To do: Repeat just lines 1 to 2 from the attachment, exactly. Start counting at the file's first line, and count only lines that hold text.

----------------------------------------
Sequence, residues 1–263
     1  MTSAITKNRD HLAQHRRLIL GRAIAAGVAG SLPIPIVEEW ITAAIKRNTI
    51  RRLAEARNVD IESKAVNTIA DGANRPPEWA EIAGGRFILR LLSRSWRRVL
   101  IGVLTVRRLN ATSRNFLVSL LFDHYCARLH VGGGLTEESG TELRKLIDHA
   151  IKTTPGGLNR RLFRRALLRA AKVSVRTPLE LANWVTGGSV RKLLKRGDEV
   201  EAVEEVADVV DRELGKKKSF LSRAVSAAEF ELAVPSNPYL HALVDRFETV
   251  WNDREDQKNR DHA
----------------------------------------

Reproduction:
Sequence, residues 1–263
     1  MTSAITKNRD HLAQHRRLIL GRAIAAGVAG SLPIPIVEEW ITAAIKRNTI